Smart farming pig seminar showcases new innovations

06-07-2018 | |
Smart farming pig seminar showcases new innovations. Photo: Koos Groenewold
Smart farming pig seminar showcases new innovations. Photo: Koos Groenewold

4 guest speakers showcased smart farming technology at the Proagrica Future Farming Theatre at the Global Forum for Innovations in Agriculture, held in conjunction with VIV Europe in Utrecht, the Netherlands.

What separates smart farmers from the rest?

There’s no shortage of innovative tools that detect and gather on-farm data. Having access to so much information, however, can leave farmers feeling overwhelmed. What separates smart farmers from the rest is the fact that they don’t simply collect data. Smart farmers learn how to use the data they collect to improve production, animal health and welfare.

Smart farming and mycotoxins:

Mycotoxin prediction tools

One of the big risks pig farmers face today is the risk of mycotoxocosis from contaminated feed. In livestock production, pigs are the most sensitive animals to mycotoxin contamination. Olga Averkieva, business development manager at Nutriad, Belgium, explained the risk, offered insight into the available prediction tools, and informed visitors about MycoMan, a smartphone application that helps producers manage the negative effects of moulds and mycotoxins.

Early mycotoxin detection tools

The problem with mycotoxins, said Ms Averkieva, is that most acute cases cannot be detected, except in the case of zearalenone. The biggest mycotoxin-related losses come from subclinical cases. Early detection tools and preventative measures can help lower that risk, though, she said.

Contributing factors to mycotoxin formation in the field

  • Delayed harvest,
  • Drought stress
  • Rains during crop growth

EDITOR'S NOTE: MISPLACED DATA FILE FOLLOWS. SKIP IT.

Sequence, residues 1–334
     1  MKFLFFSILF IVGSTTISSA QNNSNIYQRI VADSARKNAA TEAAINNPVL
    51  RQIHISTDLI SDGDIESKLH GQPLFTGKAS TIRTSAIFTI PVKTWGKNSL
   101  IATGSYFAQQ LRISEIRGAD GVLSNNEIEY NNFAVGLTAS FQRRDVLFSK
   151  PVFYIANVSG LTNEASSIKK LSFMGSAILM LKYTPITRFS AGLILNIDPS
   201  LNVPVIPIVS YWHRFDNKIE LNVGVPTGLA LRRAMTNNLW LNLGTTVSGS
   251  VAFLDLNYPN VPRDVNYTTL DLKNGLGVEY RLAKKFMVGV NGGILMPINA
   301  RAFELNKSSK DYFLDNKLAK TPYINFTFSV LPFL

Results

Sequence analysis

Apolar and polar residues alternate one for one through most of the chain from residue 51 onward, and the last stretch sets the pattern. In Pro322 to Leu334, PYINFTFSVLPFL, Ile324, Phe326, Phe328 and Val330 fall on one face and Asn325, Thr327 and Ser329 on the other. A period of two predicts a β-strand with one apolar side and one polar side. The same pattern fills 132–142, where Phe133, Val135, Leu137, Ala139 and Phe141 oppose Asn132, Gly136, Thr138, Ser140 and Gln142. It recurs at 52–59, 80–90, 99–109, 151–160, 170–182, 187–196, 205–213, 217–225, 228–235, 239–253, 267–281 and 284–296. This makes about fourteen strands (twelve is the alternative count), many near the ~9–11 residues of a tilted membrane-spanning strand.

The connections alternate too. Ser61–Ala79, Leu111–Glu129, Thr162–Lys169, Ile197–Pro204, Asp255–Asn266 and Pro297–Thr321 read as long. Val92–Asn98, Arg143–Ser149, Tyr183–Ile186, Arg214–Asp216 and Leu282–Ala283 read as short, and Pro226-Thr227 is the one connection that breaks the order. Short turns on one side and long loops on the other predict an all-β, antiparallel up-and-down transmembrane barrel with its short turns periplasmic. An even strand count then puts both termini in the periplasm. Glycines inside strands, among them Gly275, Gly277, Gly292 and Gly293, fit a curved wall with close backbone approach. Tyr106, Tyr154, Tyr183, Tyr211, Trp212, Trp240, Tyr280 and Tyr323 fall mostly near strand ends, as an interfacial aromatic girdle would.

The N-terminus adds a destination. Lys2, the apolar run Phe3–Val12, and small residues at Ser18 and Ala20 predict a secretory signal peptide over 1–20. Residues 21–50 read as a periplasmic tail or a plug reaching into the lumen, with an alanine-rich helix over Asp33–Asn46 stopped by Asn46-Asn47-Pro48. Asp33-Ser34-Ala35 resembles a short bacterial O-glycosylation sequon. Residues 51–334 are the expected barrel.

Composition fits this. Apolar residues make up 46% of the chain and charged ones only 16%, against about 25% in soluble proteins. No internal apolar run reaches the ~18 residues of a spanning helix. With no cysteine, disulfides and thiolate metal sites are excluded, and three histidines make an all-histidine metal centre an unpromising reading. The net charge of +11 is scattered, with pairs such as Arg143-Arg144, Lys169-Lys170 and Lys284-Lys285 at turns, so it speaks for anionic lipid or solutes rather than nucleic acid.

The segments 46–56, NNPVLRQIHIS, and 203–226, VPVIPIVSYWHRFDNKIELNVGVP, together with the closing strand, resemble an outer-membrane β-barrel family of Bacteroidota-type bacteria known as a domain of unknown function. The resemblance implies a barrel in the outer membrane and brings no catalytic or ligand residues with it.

Early mycotoxin detection tools include mycotoxin prediction models like:

  • Weather outlooks
  • Mycotoxin surveys in harvested grain.

  • Olga Averkieva, business development manager at Nutriad

    Olga Averkieva, business development manager at Nutriad

The problem with pre-harvest models is that they only provide 30–50% certainty, said Ms Averkieva. Screening grains during harvest should support pre-harvest models.

Rapid test for mycotoxin detection

Ms Averkieva pointed to 2 rapid tests for mycotoxin detection.

The first is from Charm Sciences and analyses of 6 mycotoxins:

  1. Aflatoxins
  2. Deoxynivalenol
  3. Zearalenone
  4. Fumonisins
  5. T-2/HT-2 toxin
  6. Ochratoxin A

Is a rapid test from R-Biopharm. Ms Averkieva said it is the most portable and user-friendly rapid test on the market today. It analyses the same mycotoxins as Charm Sciences except for ochratoxin A. The second test is most suitable for farmers, she said.

How to take samples for mycotoxin detection

Since mycotoxins are not equally distributed in grain, the best procedure is to take several samples from varying locations. “A larger sample increases the chances of finding mycotoxins, especially in a large quantity of material,” said Ms Averkieva.

What to do with sampling data

Perhaps more important than collecting sample data is knowing what to do with that collected information afterwards. Ms Averkieva provided an interesting example to elucidate this. A maize survey reveals 2,000 ppb DON. The grain supplier can assure the pig producer that the risk of contamination is small, since current legislation for DON in grains for animals is 8,000 ppb. The pig producer, she explained, goes on to use 50% maize in the pig diet (so 1,000 ppb DON), but EU authorities recommend a maximum of 900 ppb DON in pig feed.

“Question conclusions and study levels yourself”

Ms Averkieva urged the importance of questioning the sampling conclusions. To aid in the evaluation and interpretation of results, Nutriad now offers a smartphone application called MycoMan. The app helps farmers to assess risk and offers a recommended dose of mycotoxin deactivator or binder. App installation is free.


Smart farming and pig health:

Keeping track of medical treatments